I did very similar kind of research with the issues of “hell”, “heaven”, “theodicy” (goodness of God vs. evil that’s in the world), “end times”, and many others. Again – my awareness of those perspectives, coupled with my own in-depth research and analysis, empowered me to construct my own understanding of the meaning of the “hell”, “heaven”, “theodicy”, “end times”, etc. My understanding of these and many other subjects became much more textured, much deeper, much more internally coherent, much more resonant with the Scriptures in their historical and cultural context – and as the result, often very different from the commonly circulated pop-theology teachings.
This might be fiction, or this might be what really happened. And I ain’t telling which one that is …
MY ENCOUNTER WITH JESUS
I heard a gentle whisper in my ear: “Come, follow me”. I turned around, but there was no one in the room. But I knew what I heard was real.
“Who are you?”, I asked, in childlike awe and wonder.
“I am Jesus, who you have been reading and hearing about.”
When Jesus was speaking, his lips weren’t moving at all, for whatever reason. I heard and understood everything he was saying, though.
“Follow you? Follow you where?”
“Wherever I call you to”.
This didn’t seem scary at all. Rather, an intoxicating sense of excitement and fascination welled up in me, sending shivers through my entire body. Finally, I was starting to get a sense that all my searches have led me to the One.
Plus, there’s only so low you can fall. And for a while, I have really felt like I hit rock bottom.
You cannot simultaneously state two things:
1) that God personally causes (directly or though one’s agency) and approves (or wills) everything that happens in the world, including all the evil,
2) and that God is love.
The two are in irreconcilable conflict, and no amount of religious sophistry and verbal calisthenics can make this equation balance out.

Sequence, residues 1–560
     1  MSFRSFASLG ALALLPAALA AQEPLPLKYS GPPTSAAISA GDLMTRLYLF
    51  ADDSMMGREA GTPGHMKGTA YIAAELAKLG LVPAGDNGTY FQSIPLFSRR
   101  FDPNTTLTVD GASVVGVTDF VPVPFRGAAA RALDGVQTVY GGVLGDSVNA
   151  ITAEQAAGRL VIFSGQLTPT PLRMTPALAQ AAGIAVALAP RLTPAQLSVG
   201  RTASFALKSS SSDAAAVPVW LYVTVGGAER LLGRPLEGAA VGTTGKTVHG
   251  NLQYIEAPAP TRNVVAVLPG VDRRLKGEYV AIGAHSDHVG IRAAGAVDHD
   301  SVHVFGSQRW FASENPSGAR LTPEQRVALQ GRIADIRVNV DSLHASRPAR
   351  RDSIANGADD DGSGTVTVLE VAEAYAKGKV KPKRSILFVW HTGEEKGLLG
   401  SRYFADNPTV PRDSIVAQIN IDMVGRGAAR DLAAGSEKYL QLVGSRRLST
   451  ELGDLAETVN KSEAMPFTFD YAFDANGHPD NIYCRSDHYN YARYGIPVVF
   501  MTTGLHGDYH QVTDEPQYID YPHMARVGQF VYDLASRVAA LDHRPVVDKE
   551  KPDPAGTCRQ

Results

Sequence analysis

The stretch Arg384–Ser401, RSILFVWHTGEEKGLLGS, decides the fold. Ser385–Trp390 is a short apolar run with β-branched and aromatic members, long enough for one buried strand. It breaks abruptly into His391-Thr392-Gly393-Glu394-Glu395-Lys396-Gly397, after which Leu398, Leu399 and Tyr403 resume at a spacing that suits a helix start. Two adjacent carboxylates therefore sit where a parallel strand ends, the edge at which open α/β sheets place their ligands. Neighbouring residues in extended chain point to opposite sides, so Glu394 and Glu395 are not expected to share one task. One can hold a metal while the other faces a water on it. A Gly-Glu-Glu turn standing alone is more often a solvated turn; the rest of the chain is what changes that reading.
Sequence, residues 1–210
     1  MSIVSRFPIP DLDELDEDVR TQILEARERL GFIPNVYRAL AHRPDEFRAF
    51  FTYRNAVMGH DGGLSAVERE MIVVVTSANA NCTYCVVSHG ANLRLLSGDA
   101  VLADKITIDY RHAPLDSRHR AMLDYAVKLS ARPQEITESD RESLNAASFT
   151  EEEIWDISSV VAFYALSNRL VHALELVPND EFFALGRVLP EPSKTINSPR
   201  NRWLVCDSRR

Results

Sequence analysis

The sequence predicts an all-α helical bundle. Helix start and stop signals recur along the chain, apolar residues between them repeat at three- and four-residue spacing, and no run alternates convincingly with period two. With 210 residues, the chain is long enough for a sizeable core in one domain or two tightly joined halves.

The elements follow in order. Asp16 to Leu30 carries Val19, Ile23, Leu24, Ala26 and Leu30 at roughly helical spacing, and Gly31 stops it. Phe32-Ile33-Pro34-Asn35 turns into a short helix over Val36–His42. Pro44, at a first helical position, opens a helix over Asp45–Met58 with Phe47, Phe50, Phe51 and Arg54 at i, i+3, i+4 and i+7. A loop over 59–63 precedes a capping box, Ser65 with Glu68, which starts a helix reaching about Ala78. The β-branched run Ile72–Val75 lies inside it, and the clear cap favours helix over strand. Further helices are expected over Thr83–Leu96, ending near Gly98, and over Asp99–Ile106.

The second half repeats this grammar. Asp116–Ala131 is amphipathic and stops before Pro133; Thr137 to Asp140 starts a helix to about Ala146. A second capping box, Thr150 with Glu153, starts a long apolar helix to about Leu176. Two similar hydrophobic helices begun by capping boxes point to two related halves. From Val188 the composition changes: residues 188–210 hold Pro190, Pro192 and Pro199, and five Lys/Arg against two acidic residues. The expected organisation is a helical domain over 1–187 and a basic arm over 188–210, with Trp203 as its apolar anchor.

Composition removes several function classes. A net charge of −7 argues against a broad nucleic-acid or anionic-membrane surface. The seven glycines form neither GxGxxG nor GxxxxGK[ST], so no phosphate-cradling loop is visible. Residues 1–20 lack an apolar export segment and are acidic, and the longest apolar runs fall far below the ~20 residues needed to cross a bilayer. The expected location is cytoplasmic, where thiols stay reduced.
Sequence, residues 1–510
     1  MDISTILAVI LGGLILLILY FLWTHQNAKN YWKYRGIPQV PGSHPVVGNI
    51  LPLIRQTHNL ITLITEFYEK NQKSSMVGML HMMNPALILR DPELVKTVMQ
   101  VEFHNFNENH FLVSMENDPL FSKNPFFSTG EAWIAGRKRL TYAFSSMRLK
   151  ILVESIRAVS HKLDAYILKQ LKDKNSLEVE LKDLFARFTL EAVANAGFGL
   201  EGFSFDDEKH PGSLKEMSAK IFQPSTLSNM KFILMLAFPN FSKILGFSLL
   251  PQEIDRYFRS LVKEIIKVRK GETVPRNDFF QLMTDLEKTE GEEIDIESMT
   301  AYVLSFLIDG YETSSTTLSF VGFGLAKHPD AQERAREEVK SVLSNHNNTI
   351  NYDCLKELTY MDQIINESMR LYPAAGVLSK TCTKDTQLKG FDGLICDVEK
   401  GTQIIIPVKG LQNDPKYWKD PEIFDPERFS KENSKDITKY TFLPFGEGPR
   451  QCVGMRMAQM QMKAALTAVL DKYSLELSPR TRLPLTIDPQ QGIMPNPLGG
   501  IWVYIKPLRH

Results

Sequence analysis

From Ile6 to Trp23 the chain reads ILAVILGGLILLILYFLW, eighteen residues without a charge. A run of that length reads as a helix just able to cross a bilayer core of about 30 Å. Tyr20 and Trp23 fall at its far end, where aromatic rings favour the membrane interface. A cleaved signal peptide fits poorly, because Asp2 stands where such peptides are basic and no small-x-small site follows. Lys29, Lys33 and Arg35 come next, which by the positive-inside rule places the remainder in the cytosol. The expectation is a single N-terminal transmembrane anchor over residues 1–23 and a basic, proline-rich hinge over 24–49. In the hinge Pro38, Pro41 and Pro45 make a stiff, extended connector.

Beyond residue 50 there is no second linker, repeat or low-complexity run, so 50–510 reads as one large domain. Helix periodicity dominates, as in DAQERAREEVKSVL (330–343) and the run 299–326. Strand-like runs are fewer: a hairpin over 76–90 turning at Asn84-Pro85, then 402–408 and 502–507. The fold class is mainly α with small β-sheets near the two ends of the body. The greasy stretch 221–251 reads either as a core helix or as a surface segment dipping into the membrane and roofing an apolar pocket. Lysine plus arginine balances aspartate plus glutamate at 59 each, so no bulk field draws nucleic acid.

The reason that the hyper-sovereignty view of God at the expense of God being love appeals to so many is that humans lust after power and control after their fellow human beings. That’s part of the fallen human nature. Vulnerability is perceived as a general liability, and about the only place one can afford to be legitimately vulnerable in a modern increasingly secular world is on a tear-stained recliner in the psychoanalyst’s office.
One well-known evangelical preacher said this not too long ago:
“In Revelation, Jesus is a pride-fighter with a tattoo down His leg, a sword in His hand and the commitment to make someone bleed. That is the guy I can worship. I cannot worship the hippie, diaper, halo Christ because I cannot worship a guy I can beat up.”
Wow. Really? Mr. Preacher must have forgotten that Jesus WAS beaten up, hung stark naked on a blood and faeces-stained wooden pole in front of his own heart-broken Jewish mother, in a culture where revealing as much as one’s knees while running was considered shameful for a male. If that’s not utterly vulnerable, I don’t know what is.
The kind of love which stands above division, judgment, and offense is usually fairly difficult to cultivate and practice. When it becomes our heart culture, however, it has a very real potential to open people up to what we have to say. Then we can usher those we thus love into the very presence of Jesus, so that he can do through us for them what no educational or correctional institution can. But we can get to that point only when we begin with unconditional love and acceptance on the most fundamental human level, before anything else can be offered.
Am I there? Not quite yet, but I know that I am on my way there. I also experientially know that place of judgmentalism and misplaced pride which is the polar opposite of agape-love. That’s a place to which I have absolutely no intention of ever regressing to.
We love playing it safe and talking in generalities. But what if we allow ourselves to get more specific with more general statements such as “God so loved the world”? What would that look like? The poem below attempts to unpack that Scriptural verse within the context of years 2016-2017.